Saturday, 19 November 2016


November 18, 2016

The theme for this week's Blog Linky Party is Books, Reading and Authors.  I wasn't able to find any Gotochi cards of books or of people reading, but I did find a couple of writers.  Adding in a few other cards I hope this will be an interesting look at literary themed postcards.

Many non-Japanese people may be unfamiliar with the person below.  However, people in Japan usually see him every day. He holds the place of honour on the 1000 yen note.  This is Hideyo Noguchi, a research scientist who was born in Fukushima. He had quite an interesting life and in Japan is highly regarded as a medical hero.  However, when I read the Wikipedia entry about his life I was quite shocked.  He supposedly experimented on orphaned children and was often accused of having research inaccuracies.

I am not sure if the Wikipedia article is correct, but it certainly does not make Noguchi seem like he should be a national hero for going to Africa to try to discover the origin of Yellow Fever.  He does belong on this page however for the many research articles that he published.

I have visited the Hideyo Noguchi museum in Fukushima. It was very interesting.  Also, I was surprised that the Wikipedia article made no mention of his wife.  Noguchi had an American wife, which would have been rather unusual at the time.

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The rather large man below is a representation of Saigo Takamori, a samurai, poet and politician.  I don't know a lot about him, but his life is thought to be the basis of the character of Katsumoto, played by Ken Watanabe in the film The Last Samurai. Kagoshima is very far from the area of Japan that I live in, so I haven't done very much reading on Takamori.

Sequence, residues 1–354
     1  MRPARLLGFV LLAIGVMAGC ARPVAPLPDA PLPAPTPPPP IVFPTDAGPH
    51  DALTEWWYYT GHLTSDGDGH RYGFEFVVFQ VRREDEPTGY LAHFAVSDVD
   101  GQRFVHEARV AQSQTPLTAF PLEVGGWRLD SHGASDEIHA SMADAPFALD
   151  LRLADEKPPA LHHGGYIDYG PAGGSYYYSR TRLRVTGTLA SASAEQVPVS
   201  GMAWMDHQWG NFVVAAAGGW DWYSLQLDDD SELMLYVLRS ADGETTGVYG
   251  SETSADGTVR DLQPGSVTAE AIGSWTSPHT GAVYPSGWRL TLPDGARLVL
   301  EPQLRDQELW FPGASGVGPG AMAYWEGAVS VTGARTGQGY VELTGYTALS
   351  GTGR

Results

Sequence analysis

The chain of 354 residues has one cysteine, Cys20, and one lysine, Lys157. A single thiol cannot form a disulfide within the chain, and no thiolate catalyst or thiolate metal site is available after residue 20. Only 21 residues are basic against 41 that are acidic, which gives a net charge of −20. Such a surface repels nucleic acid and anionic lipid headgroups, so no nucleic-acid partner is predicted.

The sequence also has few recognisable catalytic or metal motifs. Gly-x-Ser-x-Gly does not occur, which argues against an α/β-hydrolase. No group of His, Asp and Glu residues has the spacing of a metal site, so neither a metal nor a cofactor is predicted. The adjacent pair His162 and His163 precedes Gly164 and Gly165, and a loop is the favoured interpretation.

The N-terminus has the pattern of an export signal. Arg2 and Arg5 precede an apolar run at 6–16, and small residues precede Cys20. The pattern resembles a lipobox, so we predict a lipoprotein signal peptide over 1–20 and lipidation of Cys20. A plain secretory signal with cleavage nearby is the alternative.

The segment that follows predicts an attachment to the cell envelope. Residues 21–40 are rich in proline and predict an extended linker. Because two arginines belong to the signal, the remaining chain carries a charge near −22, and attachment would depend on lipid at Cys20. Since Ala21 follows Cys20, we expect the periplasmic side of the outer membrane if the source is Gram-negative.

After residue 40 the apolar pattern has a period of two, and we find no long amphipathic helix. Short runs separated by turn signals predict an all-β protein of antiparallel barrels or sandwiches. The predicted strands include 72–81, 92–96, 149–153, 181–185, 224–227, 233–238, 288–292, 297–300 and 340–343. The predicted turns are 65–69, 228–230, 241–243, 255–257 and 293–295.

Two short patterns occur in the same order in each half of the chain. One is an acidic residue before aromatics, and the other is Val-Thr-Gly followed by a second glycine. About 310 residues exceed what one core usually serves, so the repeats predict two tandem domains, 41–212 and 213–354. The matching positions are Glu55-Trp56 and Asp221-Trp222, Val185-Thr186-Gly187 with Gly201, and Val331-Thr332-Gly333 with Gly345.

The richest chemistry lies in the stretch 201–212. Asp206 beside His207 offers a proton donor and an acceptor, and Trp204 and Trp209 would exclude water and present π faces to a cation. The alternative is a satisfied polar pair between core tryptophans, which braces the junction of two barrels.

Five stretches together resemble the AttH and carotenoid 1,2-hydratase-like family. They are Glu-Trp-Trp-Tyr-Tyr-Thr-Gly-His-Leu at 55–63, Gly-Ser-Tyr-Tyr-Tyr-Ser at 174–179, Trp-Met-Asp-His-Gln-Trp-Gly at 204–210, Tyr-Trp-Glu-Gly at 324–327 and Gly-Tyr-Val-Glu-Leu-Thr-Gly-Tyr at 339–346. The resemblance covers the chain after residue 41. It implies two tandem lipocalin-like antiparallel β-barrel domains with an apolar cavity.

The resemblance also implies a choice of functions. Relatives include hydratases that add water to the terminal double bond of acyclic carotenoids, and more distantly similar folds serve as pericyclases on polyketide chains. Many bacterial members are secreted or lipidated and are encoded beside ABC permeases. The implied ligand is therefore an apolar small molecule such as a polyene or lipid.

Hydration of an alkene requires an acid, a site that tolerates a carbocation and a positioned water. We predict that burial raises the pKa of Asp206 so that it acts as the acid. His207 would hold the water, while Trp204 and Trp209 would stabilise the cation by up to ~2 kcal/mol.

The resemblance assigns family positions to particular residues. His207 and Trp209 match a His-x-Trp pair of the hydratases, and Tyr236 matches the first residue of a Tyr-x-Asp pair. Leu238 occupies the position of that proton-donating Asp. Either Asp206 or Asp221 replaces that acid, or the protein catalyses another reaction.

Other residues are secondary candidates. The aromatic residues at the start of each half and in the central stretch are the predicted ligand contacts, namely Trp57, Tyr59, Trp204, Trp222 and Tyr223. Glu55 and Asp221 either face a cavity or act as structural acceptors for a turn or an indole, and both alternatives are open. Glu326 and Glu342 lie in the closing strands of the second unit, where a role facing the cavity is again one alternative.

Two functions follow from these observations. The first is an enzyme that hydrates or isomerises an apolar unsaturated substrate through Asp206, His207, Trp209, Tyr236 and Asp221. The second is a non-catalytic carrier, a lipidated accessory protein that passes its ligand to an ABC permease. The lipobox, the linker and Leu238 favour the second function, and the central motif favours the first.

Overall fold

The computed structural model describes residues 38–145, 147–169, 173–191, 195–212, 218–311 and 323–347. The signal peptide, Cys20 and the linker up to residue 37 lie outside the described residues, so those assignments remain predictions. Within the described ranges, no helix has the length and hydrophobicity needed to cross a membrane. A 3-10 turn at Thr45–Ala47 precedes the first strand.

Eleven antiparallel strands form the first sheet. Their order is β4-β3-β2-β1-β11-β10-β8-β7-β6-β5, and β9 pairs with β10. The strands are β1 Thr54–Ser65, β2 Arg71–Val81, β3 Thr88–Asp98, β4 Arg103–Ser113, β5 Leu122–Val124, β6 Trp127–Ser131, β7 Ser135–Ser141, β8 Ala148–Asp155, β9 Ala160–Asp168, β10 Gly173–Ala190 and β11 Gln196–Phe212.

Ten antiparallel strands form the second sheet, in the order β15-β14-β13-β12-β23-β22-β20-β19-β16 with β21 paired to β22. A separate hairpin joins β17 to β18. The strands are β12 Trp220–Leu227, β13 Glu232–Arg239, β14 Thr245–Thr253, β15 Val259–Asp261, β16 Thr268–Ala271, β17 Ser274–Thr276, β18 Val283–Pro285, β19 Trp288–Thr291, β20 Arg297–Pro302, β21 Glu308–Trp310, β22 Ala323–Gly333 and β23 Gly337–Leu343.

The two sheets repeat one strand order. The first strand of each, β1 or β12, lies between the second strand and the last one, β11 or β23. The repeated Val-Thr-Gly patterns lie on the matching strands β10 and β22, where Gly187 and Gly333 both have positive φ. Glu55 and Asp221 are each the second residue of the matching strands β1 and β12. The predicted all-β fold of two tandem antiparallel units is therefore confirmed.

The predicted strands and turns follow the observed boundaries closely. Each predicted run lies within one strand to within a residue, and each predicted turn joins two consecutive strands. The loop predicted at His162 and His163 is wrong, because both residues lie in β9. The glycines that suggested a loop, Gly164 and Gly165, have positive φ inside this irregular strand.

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This gentleman came in the mail one day this year from the United States.  He is quite a famous author, L. Frank Baum, the writer who gave us the Oz series, including of course, The Wizard of Oz. 

This is Tove Jannson, a Finnish author and artist, most famous for the Moomin series.

This is a portrait of Evelyn Waugh.  He was the author of Brideshead Revisited, amongst other novels.

I hope that you have enjoyed my quick look at some famous authors.  I have only recently begun to collect author cards on Postcrossing, but I have a few now.  If you would like to see more cards that fit the topics of books or writers, please select one of those tabs on the right side.

Thank you for visiting this Linky Blog Party.  I hope that you will visit some of the other members of the group and see what they have for your viewing pleasure!



Heleen said...

Great selection of postcards!

And I learned a lot now. In addition to learn about the Japanese authors who I didn't know before, I was surprised to read and see that Evelyn Waugh is a male author, as in my country (NL) Evelyn is a woman's name.

Helen said...

Thank you!

Evelyn nowadays tends to be a name for women, but in the past it was used both for men and women. Wikipedia gives a list of famous men and women with Evelyn as a first name.

I'm glad that you liked the cards.

John Edwards said...

I think - but can't be certain - that Evelyn (female) and Evelyn (male) were pronounced differently. The female one began like the name Eve whilst the male one began like the word ever....

Helen said...

You could be right! It would make sense to me.

Thanks for visiting John :-)

Joy said...

I like that Tove is drawing a moomin. A nice set of author postcards.

Helen said...

Thank you! I'm glad that you like them!

Maria said...

Definitely an interesting line up of authors Helen! I'm much intrigued with the author from Fukushima (I considered taking PhD in Fukushima). It's rare that authors with scientific write-ups are featured in our pages. Thanks for joining and linking up. Until next week.

Helen said...

You are welcome Maria. It is interesting to hear that you were thinking of studying there! I'm actually off to Fukushima-ken in the next couple of days.

Until next week!

Eva A. said...

You're right: the Japanese authors were unknown to me. I'm a very big fan of Baum, however. I read the whole series of Oz as an adult :)
Even started a postal project about: Oz Postcard Project